4 May 2012 at 12:08 functionkey
Compiled by Michael Slattery | KF17 | Togo
Despite the often upbeat tone of fellows’ posting on the blog, I’ll be the first to admit that the position entails some universal hardships. There is the occasional social isolation that leaves you Saturday night at home with a book and bottle of the local plonk, despite apparently leading a life of swinging exoticism and sun-drenched adventure. There’s is a lot of driving around, waiting, driving some more, and then getting told some tall tales by people who look at you like you’re definitely one of those foreign imbeciles that regularly swallows half-truths and thoroughly enjoys the taste.
Kiva Fellow Carrie Nguyen, Peru, delivers on delicious: ceviche made of jungle fish, marinated in lime juice and sliced onions, served with yucca and chifles (banana chips). Cost, around ten soles, or USD $3.50
I’ve also come home and spent a good hour picking black soot out of my ears and my nose, then showered and found the water around my feet an unhealthy, industrial smelling, swirl of charcoal. (I also associate the smell of burning plastic with Africa, most often first thing in the morning, as dutiful sweepers light fire to the last day’s fallen leaves and dropped plastic bags.)
Not to be outdone, Kiva Fellow Jen Truong, Cambodia, sticks up for the homeland with some fresh crab stir-fried with Kampot peppers straight from the garden, for three happy diners (or one author). Price USD $ 7.50
Fortunately, there’s food. Blessed food. Balm to the solitary and bruised soul; and even if the full stomach isn’t spiritual salvation, it is a way to warm the heart, as many a romanticized grandmother may have advised uncomprehending grand-daughters. Kiva Fellow Chris Paci has pointed out that I can eat a lot of food in a given day, which is more or less true, so I thought to spread the love and identify who among my colleagues are the true foodies.
Straight from the Bosphorous to your chest–err, hips–Kiva Fellow Kim Strathearn, Turkey, gives us Sekerpare, semolina sponge cakes soaked in syrup and hazelnut, presented with chopped pistachios and a sprig of mint. The author says, send him to Turkey, Kiva, and let him rot his teeth.
Kiva Fellow Jamie Greenthal, the Philippines, says, take that land lubbers: fresh sea scallops shucked and served raw on the half-shell, pulled from the Philippine sea, on Calituban Island. Price, free. Because Jamie is a pirate. Arrrgh! And takes what he wants! (Actually, the scallops were a welcome gift from borrowers in recognition of his arrival, but hey, who said stories had to be true? Estimated price in a restaurant, USD $5 to 7).
Kiva Fellow David Gorgani, the Dominican Republic, shows us how island living really works. Please support his application for Survivor: Paul Bocuse’s Kitchen.
End result of the Young Man and the Sea: fresh fried fish with tostones (fried plantains). Price USD $8-10 depending on the size of the fish.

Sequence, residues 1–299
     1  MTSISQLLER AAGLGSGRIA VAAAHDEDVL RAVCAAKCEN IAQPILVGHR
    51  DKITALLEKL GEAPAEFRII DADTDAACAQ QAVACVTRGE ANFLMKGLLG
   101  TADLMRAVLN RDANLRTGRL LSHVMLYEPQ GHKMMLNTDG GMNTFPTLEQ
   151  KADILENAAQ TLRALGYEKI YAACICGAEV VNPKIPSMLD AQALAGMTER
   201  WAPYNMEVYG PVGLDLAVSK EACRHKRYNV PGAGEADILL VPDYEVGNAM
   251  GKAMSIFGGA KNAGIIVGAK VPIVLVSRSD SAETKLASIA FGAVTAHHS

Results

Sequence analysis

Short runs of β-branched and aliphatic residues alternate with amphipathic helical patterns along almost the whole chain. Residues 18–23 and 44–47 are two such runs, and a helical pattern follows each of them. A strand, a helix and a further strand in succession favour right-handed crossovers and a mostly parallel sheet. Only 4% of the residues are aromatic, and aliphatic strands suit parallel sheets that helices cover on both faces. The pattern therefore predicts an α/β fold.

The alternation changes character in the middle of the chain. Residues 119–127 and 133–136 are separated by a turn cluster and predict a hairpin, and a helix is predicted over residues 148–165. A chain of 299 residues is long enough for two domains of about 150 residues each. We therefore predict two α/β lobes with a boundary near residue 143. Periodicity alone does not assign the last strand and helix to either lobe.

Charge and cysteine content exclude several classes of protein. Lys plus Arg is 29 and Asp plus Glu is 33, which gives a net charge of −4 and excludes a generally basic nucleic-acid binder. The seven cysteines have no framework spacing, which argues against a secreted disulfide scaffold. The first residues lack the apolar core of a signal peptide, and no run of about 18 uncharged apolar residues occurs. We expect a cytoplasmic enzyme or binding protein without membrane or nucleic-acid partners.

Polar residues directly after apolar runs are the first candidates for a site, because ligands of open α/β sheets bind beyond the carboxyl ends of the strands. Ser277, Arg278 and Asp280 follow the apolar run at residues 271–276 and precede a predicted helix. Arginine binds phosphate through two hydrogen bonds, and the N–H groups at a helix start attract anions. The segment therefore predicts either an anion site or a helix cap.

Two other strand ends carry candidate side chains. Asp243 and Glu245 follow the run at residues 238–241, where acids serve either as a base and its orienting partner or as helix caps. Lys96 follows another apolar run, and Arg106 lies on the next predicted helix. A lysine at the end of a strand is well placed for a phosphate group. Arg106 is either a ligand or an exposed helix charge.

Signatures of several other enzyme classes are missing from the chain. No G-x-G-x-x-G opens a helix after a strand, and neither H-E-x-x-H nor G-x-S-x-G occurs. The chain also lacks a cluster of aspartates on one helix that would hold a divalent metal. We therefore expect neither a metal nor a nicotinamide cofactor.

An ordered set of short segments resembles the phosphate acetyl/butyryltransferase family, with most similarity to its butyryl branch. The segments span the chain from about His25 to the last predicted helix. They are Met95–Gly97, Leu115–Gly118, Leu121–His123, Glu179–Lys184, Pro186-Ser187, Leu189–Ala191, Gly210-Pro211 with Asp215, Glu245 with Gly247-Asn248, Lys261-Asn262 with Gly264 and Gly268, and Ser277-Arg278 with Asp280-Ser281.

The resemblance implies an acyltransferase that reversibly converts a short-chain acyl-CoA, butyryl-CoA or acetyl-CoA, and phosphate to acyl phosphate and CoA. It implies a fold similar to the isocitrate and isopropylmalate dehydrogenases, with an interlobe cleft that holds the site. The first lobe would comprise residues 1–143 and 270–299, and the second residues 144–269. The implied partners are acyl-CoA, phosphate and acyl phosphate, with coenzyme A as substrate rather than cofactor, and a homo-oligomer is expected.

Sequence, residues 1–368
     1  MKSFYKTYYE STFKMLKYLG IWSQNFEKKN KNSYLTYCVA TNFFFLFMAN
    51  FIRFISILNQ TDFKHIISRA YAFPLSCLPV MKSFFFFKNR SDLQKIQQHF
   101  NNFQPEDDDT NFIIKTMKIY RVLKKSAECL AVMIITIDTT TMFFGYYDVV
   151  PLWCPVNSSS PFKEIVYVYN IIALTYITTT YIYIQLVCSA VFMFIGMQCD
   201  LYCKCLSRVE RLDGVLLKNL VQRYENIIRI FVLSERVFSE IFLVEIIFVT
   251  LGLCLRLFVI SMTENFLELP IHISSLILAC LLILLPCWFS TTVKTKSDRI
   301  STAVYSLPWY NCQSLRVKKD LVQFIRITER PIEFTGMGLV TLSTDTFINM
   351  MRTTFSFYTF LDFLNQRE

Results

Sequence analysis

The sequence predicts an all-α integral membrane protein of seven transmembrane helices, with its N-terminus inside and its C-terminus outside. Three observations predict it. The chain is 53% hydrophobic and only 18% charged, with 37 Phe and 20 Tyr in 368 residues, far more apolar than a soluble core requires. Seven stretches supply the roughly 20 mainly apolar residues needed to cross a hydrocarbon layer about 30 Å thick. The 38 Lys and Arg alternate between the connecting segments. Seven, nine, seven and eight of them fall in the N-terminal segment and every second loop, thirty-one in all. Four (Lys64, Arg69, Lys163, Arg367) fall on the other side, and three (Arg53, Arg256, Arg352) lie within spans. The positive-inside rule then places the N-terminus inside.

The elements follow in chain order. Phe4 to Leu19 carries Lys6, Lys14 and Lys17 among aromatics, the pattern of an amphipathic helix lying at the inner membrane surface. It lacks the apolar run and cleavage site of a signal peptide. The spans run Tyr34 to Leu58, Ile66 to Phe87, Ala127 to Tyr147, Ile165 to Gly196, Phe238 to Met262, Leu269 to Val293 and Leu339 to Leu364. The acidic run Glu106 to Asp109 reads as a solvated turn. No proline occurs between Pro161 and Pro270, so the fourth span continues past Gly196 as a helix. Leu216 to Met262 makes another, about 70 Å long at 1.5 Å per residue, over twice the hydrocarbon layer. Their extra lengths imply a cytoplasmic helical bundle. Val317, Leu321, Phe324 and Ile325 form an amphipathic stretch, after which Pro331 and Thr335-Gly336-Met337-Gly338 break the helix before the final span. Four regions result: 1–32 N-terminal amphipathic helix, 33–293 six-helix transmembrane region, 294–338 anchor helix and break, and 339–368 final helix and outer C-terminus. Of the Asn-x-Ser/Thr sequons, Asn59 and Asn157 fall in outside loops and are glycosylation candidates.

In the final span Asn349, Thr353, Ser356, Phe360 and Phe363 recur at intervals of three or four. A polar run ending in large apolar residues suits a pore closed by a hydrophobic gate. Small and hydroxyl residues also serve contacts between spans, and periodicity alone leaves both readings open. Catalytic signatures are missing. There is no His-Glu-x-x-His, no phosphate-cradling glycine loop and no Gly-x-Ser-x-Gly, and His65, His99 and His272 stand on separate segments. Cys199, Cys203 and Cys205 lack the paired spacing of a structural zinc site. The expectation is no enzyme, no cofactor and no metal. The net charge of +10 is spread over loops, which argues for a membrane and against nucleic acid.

Intermezzo: time for a cold one to wash down the previous delicious meals. Kiva Fellow Jen Truong, Cambodia, refreshes us with sugar cane and orange juice. Price USD $0.50.
Kiva Fellow Devon Fisher, Kenya, brings us some coastal Swahili delight from Mombasa: fresh fried fish. Say it all together: samaki hii ni utamu sana! (Kiswahili for this fish is delicious!) Price, delicious.
Kiva Fellow Micaela Browning, Mozambique, keeps the fish theme alive with xima (a paste made with casava flour) and little delicious fishes. Price, delicious. (Micaela, by the bye, pays her student fees by hand modeling).
Kiva Fellow Jen Truong, Cambodia, does the delicious hat trick and three-peat all at once: fried fish, fried chicken served in unusual but delicious fashion, and stir-fried morning glory with a side mango salad. Price, USD $10 for all three.
Kiva Fellow Adria Orr, Samoa, destroys the seafood delicious fest with the ultimate in deliciousness: the roast suckling pig…for the office lunch “feast” to welcome new loan officers into the fold. Price, pirate discount. Island love is high.
Kiva Fellow Ryan Cummings, Liberia, gets us back to rice country with his typical lunch at the office: served with a piece of chicken and eggplant. Simple yet elegant delicious. And not a roast suckling pig.
Kiva Fellow Philip Issa, Palestine, paves the way to increased rice delicious sophistication: Eggplant Msaq’a (مسقعة باذنجان), which is eggplant and beef in a tomato sauce, garnished with pine nuts. Not featured is the accompanying yogurt.
Getting in his ten cents of deliciousness, the author shows today`s lunch: a hither never seen before dry fufu desi (sauce) made of fried fish and some kind of vegetable. Price 800 FCFA or USD $1.60. Savour the deliciousness in life.
As ever, my thanks and recognition to the other fellows.
Michael Slattery (KF17) is serving as a Kiva Fellow with WAGES in Lomé, Togo. He’s pretty sure that one day he will have a coronary bypass and a large stock holding in an antacid producer. Find a borrower in Togo and lend today!
Entry filed under: Africa, Americas, blogsherpa, Cambodia, Dominican Republic, East Asia & the Pacific (EAP), Kenya, KF17 (Kiva Fellows 17th Class), Kiva Field Partners, Liberia, Middle East & North Africa (MENA), Mozambique, Palestine, Peru, Philippines, Samoa, Togo, Uncategorized. Tags: delicious, Eating, food, Kiva Fellow, Kiva Fellows, Michael Slattery.